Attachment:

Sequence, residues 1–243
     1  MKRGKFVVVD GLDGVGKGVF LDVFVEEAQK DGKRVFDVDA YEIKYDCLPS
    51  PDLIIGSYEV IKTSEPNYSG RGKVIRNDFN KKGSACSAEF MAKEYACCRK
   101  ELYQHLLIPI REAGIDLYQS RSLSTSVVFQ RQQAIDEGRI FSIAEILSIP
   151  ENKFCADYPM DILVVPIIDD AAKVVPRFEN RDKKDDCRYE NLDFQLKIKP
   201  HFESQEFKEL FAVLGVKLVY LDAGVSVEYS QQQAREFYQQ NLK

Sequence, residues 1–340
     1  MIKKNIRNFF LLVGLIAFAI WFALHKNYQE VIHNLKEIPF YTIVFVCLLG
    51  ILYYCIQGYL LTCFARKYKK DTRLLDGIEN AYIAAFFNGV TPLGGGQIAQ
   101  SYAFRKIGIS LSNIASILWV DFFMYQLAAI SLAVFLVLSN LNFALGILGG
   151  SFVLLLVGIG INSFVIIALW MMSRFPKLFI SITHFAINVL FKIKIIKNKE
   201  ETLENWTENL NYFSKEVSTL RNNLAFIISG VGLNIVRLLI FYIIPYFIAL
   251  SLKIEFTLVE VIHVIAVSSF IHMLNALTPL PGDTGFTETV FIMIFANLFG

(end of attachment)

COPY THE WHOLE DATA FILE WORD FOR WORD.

Sequence, residues 1–243
     1  MKRGKFVVVD GLDGVGKGVF LDVFVEEAQK DGKRVFDVDA YEIKYDCLPS
    51  PDLIIGSYEV IKTSEPNYSG RGKVIRNDFN KKGSACSAEF MAKEYACCRK
   101  ELYQHLLIPI REAGIDLYQS RSLSTSVVFQ RQQAIDEGRI FSIAEILSIP
   151  ENKFCADYPM DILVVPIIDD AAKVVPRFEN RDKKDDCRYE NLDFQLKIKP
   201  HFESQEFKEL FAVLGVKLVY LDAGVSVEYS QQQAREFYQQ NLK

Sequence, residues 1–340
     1  MIKKNIRNFF LLVGLIAFAI WFALHKNYQE VIHNLKEIPF YTIVFVCLLG
    51  ILYYCIQGYL LTCFARKYKK DTRLLDGIEN AYIAAFFNGV TPLGGGQIAQ
   101  SYAFRKIGIS LSNIASILWV DFFMYQLAAI SLAVFLVLSN LNFALGILGG
   151  SFVLLLVGIG INSFVIIALW MMSRFPKLFI SITHFAINVL FKIKIIKNKE
   201  ETLENWTENL NYFSKEVSTL RNNLAFIISG VGLNIVRLLI FYIIPYFIAL
   251  SLKIEFTLVE VIHVIAVSSF IHMLNALTPL PGDTGFTETV FIMIFANLFG